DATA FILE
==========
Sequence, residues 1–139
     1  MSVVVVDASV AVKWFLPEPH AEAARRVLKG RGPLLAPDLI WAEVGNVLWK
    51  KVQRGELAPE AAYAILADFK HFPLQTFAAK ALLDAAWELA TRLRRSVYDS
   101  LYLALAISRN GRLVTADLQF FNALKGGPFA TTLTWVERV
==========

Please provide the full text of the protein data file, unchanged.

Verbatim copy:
Sequence, residues 1–139
     1  MSVVVVDASV AVKWFLPEPH AEAARRVLKG RGPLLAPDLI WAEVGNVLWK
    51  KVQRGELAPE AAYAILADFK HFPLQTFAAK ALLDAAWELA TRLRRSVYDS
   101  LYLALAISRN GRLVTADLQF FNALKGGPFA TTLTWVERV